Confronting the climate crisis head-on
Wishing our readers and kababayan a peaceful and resilient 2020, amid a vast array of climate and biodiversity challenges confronting us and the rest of humanity.
Northern Cebu and other provinces hit by Typhoon Ursula, the 21st and last typhoon in 2019, are still reeling from its devastating impacts. Some of the survivors are spending the start of the new year in evacuation centers, having lost homes and properties and, for others, grieving the painful death of loved ones.
In Australia, Sydney’s New Year fireworks became controversial as the country is battling its worst wildfire disaster, destroying homes and wildlife such as koalas who are said to have lost at least 30 percent of their habitat.
My dream for this year as the beginning of the third decade for the 21st century is for decision-makers from all branches of government and stakeholders to confront the climate crisis head-on and treat it as a survival issue. Many political authorities still cannot even talk openly about the ongoing catastrophe that we have inflicted, willingly or unwittingly upon our planet, our oceans and people, with its dire consequences to lives, livelihoods, communities and biodiversity.
Without such an acknowledgment and constituents’ knowledge and understanding, concrete steps towards sustainable solutions to respond to it in a timely, participatory, cohesive and adequate manner, will not take off and will further aggravate the crisis.
I want to see more of our youth take on direct action to make our environmental laws real and to call on government to mainstream science-based decision-making.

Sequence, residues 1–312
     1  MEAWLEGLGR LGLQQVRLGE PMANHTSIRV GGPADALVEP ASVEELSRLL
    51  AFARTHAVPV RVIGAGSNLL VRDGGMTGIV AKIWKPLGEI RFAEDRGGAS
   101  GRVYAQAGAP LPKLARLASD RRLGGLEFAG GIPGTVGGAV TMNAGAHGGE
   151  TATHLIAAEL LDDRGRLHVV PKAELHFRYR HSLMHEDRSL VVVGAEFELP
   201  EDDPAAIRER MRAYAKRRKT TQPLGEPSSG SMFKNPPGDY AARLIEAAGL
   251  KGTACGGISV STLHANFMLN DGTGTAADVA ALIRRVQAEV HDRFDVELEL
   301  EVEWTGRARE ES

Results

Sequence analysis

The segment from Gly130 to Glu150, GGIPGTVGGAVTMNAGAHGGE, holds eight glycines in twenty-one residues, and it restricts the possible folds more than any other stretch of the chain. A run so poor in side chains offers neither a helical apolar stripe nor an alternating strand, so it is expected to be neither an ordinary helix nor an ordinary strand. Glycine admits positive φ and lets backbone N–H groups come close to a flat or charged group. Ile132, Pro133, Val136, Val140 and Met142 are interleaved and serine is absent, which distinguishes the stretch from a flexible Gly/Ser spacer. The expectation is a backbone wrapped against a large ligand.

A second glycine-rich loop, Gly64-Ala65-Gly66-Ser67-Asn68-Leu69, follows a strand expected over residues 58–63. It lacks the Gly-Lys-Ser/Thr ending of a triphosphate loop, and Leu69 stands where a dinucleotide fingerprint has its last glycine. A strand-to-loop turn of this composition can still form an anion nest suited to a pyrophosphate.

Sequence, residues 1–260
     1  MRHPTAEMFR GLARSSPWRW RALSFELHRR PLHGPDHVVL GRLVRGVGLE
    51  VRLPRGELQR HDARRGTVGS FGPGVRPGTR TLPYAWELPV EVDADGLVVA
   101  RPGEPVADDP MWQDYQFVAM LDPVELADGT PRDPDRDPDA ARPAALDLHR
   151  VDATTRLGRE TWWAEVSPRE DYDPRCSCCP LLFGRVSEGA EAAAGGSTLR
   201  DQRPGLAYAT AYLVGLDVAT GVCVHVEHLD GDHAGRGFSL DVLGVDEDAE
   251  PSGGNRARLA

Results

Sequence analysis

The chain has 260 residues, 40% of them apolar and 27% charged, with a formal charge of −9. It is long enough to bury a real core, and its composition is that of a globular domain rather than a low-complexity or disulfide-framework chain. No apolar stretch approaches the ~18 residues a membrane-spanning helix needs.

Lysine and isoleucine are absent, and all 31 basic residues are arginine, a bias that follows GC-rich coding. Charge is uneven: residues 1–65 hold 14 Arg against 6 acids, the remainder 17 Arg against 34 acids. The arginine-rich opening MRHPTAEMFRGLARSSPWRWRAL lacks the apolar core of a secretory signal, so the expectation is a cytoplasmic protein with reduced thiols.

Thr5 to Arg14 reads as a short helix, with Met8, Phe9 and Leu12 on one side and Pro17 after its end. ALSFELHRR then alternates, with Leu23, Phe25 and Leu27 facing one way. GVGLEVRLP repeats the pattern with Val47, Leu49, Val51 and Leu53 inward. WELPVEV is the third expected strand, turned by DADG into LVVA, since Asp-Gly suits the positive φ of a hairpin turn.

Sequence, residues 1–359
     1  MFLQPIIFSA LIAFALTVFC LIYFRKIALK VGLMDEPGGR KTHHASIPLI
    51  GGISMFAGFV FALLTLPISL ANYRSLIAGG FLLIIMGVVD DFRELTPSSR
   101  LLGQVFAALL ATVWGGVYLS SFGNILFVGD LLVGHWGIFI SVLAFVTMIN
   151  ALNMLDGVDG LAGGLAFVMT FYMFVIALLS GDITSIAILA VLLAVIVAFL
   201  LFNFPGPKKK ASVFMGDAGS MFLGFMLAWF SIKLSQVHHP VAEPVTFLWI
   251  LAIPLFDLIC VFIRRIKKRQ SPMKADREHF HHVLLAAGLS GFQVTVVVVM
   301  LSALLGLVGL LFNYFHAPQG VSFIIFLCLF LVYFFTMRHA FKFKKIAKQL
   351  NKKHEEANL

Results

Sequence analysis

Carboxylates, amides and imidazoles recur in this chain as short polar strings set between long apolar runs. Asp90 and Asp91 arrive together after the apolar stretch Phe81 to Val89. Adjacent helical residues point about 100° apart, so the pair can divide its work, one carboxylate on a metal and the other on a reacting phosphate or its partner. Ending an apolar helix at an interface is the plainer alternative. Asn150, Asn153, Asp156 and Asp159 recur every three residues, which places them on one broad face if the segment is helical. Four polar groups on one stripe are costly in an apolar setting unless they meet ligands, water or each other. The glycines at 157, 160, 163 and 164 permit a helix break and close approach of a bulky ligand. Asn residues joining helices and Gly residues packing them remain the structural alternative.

We are witnessing perhaps the most transforming/transformative decade of our planet, with an eminent writer, broadcaster and commentator on sustainable development, United Kingdom’s Keele University Chancellor Sir Jonathon Porritt, describing 2020-2030 as “the most critical decade in humankind’s short history.”
He referred to the September 2017 Intergovernmental Panel on Climate Change finding that we had 12 years to reduce greenhouse gas emissions. On the issue of biodiversity, he cited the Living Planet Report that 60 percent of the vertebrates population as being already lost. “The Living Planet Report 2018 is the twelfth edition of the report and provides the scientific evidence to what nature has been telling us repeatedly: unsustainable human activity is pushing the planet’s natural systems that support life on Earth to the edge.”
In his lecture, Porritt discussed opportunities for solutions and windows of hope such as technology, the Green New Deal and the Extinction Rebellion as actions that we can do to immediately stem the accelerating impacts of climate change and biodiversity loss, and have a sustainable and inclusive world that our children deserve.
Let us do what we can, in the roles and position that we are in, to avert the collapse of our natural world. Each one of us matters and each step towards protection of our home planet counts.
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